Deborah Tillman

A Modern Day Mary Poppins and “America’s Supernanny”

A Modern Day Mary Poppins and “America’s Supernanny”

By Lorin Drinkard

Photo Courtesy of Scott Gries © 2011Lifetime Entertainment Services, LLC, All Rights Reserved.

“They don’t ever walk—they always ride the steps.” What may sound like an amusement park reference is a line from a desperate mother on last season’s “America’s Supernanny.” In addition to turning the stairway banister into a slide, the four Skluzacek boys sucked ketchup from restaurant bottles and refused to shut off their home computer.

With one long look into the camera, Supernanny Deborah Tillman, in her respectable pearls and smart sweater set, swoops in to salvage yet another American parenting kerfuffle. “There’s no easy road to becoming a good parent,” advises Tillman, mother of 22-year-old son Zeplyn, to her TV audience. “But if you put in the work, you will see positive results in the future.”

That strong sense of positivity is a continuing theme in Tillman’s life that led her from super mother to Supernanny. “[It] has been a 21-year-long journey,” admits Tillman, referring to the decision over two decades ago to quit her accountant day job and open a childcare facility. “I picked up my son from the seventh childcare provider, and she was in the hallway talking. I immediately went to a back room where my son was. Tragically, he was in a bassinet. The wall was holding up the empty bottle, and he was sucking air.”

Since Tillman founded Happy Home Child Learning Center in Alexandria in 1994, two additional locations (another in Alexandria and one in Woodbridge) have opened in Northern Virginia.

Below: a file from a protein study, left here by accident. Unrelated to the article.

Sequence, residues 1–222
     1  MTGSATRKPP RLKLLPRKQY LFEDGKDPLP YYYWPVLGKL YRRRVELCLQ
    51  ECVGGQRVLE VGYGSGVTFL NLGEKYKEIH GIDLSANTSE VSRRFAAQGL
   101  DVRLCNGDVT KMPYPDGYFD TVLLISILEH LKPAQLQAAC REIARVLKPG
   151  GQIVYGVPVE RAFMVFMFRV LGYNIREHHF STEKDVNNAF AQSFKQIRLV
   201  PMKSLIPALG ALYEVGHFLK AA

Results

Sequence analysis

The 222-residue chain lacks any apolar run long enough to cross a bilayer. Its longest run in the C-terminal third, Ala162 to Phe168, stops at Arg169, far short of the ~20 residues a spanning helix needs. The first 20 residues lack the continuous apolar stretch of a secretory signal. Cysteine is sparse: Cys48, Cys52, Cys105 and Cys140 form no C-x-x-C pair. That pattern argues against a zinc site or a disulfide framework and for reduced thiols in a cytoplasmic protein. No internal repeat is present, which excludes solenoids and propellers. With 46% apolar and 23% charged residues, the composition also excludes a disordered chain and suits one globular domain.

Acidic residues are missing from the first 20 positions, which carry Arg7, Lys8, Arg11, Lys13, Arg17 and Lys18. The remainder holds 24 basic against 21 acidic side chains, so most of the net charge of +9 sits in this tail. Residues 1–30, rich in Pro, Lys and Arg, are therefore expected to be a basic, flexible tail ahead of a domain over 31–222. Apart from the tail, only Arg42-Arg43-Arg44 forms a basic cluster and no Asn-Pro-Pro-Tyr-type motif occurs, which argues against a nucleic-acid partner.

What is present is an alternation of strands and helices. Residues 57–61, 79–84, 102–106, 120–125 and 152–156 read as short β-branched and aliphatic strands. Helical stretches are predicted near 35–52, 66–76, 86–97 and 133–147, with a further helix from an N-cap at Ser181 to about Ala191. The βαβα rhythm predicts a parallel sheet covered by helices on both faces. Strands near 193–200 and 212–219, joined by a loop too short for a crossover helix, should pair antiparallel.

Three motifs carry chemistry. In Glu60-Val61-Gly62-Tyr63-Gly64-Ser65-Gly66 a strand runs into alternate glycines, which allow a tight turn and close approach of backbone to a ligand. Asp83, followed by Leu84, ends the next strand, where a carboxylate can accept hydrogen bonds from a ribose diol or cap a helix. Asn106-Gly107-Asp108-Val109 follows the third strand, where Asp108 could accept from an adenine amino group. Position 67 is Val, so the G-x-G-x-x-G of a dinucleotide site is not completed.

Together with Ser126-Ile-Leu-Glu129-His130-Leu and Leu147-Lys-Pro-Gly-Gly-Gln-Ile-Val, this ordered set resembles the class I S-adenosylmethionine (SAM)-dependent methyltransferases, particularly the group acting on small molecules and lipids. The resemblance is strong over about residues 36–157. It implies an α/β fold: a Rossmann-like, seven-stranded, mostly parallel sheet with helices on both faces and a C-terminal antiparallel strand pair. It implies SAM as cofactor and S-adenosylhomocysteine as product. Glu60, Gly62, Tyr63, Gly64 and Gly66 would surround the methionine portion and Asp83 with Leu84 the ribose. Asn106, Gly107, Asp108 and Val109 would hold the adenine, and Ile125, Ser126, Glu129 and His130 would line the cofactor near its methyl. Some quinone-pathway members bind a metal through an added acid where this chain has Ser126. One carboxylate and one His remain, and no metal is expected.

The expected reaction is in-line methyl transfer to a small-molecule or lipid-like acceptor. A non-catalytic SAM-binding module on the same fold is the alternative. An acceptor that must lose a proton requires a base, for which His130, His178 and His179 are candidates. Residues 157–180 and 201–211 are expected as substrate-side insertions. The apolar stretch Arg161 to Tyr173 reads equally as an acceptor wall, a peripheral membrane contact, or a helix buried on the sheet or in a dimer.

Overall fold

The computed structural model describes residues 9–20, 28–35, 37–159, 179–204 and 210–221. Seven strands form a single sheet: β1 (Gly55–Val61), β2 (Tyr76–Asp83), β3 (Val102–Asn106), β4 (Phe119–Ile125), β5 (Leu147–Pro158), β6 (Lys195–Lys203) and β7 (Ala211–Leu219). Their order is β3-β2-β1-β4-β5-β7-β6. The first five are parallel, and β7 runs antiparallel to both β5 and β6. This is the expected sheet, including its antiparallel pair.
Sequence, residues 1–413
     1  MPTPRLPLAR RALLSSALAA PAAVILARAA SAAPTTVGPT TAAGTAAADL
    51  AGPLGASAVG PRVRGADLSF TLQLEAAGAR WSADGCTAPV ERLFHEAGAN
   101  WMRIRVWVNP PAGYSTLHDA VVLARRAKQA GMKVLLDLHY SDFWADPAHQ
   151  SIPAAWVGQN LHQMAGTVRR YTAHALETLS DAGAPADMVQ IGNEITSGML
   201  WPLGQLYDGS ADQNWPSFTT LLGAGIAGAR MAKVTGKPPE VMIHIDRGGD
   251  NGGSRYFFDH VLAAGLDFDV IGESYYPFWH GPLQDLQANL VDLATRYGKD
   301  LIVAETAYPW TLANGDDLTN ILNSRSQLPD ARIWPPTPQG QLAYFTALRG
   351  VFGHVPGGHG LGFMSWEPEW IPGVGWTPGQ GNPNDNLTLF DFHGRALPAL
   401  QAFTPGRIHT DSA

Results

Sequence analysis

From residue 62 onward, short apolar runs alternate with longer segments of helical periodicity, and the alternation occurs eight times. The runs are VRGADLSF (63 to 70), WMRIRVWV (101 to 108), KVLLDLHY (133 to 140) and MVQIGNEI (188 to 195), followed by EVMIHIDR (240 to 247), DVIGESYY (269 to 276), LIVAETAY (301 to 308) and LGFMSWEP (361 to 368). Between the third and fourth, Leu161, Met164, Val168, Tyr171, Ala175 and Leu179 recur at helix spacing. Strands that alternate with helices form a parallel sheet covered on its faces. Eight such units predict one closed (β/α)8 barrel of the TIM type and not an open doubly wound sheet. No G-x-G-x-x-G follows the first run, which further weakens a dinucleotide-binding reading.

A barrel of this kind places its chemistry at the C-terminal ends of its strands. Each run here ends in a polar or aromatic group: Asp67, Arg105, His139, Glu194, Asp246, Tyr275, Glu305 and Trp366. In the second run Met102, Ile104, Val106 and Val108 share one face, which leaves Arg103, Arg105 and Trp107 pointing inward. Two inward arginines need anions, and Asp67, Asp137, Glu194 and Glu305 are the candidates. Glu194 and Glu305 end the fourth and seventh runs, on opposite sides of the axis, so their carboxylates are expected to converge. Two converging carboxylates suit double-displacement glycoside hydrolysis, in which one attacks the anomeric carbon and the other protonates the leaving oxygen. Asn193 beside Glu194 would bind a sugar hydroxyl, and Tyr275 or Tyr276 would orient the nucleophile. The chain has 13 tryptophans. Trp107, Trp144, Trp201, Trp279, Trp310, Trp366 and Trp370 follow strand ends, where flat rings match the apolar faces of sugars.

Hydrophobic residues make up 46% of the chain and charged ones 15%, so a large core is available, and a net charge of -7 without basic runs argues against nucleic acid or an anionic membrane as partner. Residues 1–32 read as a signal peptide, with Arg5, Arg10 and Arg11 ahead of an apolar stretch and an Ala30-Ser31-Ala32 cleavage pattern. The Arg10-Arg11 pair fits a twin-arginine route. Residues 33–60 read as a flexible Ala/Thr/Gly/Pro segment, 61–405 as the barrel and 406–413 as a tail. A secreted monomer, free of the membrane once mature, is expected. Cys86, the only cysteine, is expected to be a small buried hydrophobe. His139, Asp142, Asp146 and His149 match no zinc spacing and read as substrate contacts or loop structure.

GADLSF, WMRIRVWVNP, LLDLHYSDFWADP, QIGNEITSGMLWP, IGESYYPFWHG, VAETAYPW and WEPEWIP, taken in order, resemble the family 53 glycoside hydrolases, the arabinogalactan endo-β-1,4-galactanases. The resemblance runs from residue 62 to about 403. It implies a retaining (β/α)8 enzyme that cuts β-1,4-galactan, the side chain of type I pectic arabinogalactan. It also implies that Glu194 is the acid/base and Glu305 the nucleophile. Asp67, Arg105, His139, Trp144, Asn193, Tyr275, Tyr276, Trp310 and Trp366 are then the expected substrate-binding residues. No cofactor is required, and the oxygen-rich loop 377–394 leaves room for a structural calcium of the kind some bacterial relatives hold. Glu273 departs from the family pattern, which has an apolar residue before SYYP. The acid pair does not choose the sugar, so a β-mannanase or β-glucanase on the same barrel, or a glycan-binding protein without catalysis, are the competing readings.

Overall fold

“The short answer is that it took hard work, determination and the favor of God,” says Tillman, who went back to school for a master’s degree in Early Childhood Special Education and set out developing a vision, mission and five-year goals for Happy Home even in her meager beginning—no hired employees, five children to care for.

Seventeen years after switching careers, the casting agency behind Lifetime’s “America’s Supernanny” came knocking on her door.

“In August of 2011, I received a personal email asking me … if I was interested,” says Tillman, who responded promptly and was given a phone interview later on the same day. After a Skype interview with TV execs, she was then flown out to California where her childcare instincts were put to the test. “They threw me in a house and said, “OK, this is the family … You go in and solve the problem,” says Tillman. After several hours in the home, Tillman had assisted with potty training, fighting between siblings and master scheduling for the mom.

A week later, she was hired.

“This does not happen—’Supernanny’ did not just happen—overnight,” explains Tillman. “This was 21 years of hard work, OK—crying, stress and pain … and it’s the same with parenting. My child is 22 years old now, but it took a lot of hard work.”

After a successful eight-episode run in 2011, Tillman will be back this fall with Season Two. “It’s like 40 minutes [on TV], but really I’m in their houses like 12 to 16 hours a day,” confesses Tillman, referring to the eight- or nine-day process with each family.

“The best thing about this role is that they said, ‘Be yourself,” recalls Tillman. “‘We just want you.”

Catch Tillman as “America’s Supernanny” Daytime on Lifetime

 

(September 2012)

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